While filial piety is still seen as extremely…


Hui, Wei. Shanghai Baby. Simon & Schuster, 2001

Jun-hee, Kim. "Dutifully Yours - Filial Piety in Korea." Invest Korea Journal. Nov-Dec. 2005.

Sung, Kyu-taik. "Filial Piety: The Traditional Ideal of Parent Care in East Asia." Aging & Spirituality. Spring 1998. 

Wikipedia. "Filial Piety." Wikimedia Foundation, Inc., 2006.

Business A What Are the
Words: 3747 Length: 8 Pages Document Type: Term Paper Paper #: 50912007
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Constructive attitudes towards work, leisure, time and change, set apart organizational models of attainment and enthusiasm, individualism as well as realization of self, and being humanistic as well as helpful that result in constructive culture that urges communications with individuals and strategies to assignments which will allow the employees to fulfill satisfaction needs of a higher plane and would bring about changes. (Aarons; Sawitzky, 2006)

As opposed to this, defensive attitudes to work, leisure and time are typified by looking for support and unanimity, being traditional and compliant, and being reliable and submissive that result in defensive culture. Defensive cultures support or completely need communication with individuals in manners that will not endanger individual safety and will not lead to changes. (Aarons; Sawitzky, 2006) Further, family, social mobility and religion are especially more vibrant that show conventional model of ancestry following and notions of family structure, as also modifications ushered…


Aarons, Gregory a; Sawitzky, Angelina C. (February, 2006) "Organizational Culture and Climate and Mental Health Provider Attitudes toward Evidence-Based Practice" Psychological Services. Vol. 3, no. 1, pp: 61-72.

Al-Nakeeb, Basil. (18 August, 2003) "Political Stability and Iraq's Privatization Strategy"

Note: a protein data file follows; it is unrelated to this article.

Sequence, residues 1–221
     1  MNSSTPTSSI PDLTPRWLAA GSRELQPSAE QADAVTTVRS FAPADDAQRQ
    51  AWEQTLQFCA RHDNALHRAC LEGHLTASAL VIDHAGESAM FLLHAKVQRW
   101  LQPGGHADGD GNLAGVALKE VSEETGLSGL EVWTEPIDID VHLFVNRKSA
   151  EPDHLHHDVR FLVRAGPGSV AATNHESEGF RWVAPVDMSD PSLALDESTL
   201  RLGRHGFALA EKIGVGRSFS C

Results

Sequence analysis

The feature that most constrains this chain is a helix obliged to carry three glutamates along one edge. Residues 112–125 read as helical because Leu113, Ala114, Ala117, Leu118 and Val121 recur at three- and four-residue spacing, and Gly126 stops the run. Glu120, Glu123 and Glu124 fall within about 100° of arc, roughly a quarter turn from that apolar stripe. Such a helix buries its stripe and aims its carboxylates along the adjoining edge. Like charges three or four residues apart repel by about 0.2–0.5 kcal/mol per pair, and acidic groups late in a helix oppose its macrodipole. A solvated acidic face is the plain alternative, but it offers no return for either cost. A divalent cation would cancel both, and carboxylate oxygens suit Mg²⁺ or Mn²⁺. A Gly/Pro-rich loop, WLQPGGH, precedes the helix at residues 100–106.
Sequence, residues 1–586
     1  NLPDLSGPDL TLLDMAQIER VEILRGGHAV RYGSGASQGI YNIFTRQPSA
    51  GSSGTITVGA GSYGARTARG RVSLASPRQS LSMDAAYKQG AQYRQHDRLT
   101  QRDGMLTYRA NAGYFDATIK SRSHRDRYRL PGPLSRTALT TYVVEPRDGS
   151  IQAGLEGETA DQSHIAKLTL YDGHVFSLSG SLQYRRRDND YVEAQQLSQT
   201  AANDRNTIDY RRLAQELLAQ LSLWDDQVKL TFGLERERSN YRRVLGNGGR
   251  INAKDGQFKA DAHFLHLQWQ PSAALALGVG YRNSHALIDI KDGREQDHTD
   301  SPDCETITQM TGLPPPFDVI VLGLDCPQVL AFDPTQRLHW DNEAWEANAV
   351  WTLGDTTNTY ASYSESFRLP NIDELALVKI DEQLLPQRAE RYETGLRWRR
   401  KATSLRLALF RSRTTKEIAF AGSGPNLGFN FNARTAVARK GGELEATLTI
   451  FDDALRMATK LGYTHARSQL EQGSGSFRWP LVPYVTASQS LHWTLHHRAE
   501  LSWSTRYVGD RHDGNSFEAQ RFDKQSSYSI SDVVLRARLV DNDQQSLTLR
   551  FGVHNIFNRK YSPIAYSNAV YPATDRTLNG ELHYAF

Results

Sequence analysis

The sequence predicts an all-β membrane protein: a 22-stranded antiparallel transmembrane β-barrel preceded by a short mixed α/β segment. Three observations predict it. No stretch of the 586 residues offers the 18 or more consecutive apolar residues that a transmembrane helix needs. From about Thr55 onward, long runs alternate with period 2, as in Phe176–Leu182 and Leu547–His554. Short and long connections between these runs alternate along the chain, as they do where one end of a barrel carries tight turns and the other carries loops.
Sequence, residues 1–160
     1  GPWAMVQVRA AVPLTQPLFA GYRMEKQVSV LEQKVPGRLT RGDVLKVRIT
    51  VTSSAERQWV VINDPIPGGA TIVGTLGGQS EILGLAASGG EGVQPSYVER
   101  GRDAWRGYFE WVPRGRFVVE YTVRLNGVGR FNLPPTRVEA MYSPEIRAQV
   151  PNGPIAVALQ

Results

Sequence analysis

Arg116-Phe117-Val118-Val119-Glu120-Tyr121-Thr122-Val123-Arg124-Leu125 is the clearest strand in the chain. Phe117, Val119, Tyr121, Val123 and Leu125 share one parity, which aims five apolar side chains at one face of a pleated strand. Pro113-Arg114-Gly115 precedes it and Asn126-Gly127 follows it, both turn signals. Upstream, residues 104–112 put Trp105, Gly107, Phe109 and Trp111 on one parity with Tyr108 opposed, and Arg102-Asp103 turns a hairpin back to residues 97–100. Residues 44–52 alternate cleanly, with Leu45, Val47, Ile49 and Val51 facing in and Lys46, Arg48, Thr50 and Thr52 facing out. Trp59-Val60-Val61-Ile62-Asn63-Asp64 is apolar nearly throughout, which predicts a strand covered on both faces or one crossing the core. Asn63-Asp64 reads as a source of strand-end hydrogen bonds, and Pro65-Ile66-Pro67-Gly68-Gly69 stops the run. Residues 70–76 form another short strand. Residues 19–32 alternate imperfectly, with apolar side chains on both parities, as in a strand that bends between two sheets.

Middle East Economic Survey. Vol. XLVI, no. 33, pp: 17-20

Culture and Non-Verbal Communication" (n.d.) Retrieved 4 February, 2007 at

Global Communications Decide on a
Words: 543 Length: 2 Pages Document Type: Term Paper Paper #: 44240174
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Gannon's series of arguments highlight the major variations in how the Japanese and Koreans perceive time, the role of masculinity in their cultures, the need for self-discipline or not to be aligned with nature (as the Japanese do) and the vastly different approaches to individualism and uncertainty avoidance.

The Japanese see time, and for that matter, their existence, as needing to be disciplined and aligned with natural elements. There is perfection in discipline that allows individuals to align with nature first and secondly with their group and societal norms. According to Gannon starting in the 7th century, Japanese political values stressed the need for group conformity over individualism, and those values continue today throughout the many cultural interactions that this nation has with global trading partners. Korean cultural values stress group consensus and much less of a focus on masculinity index as part of Hofstede, G. And Bond, M. (1988)…


Franke, R., Hofstede, G., and Bond, M. (1991). Cultural roots of economic performance: a research note. Strategic Management Journal, 12, 165-173.

Hofstede, G. And Bond, M. (1988). The Confucius connection: From cultural roots to economic growth. Organizational Dynamics, 16(4), 4-21.

Women's History
Words: 1540 Length: 5 Pages Document Type: Term Paper Paper #: 5372032
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Quiet Odyssey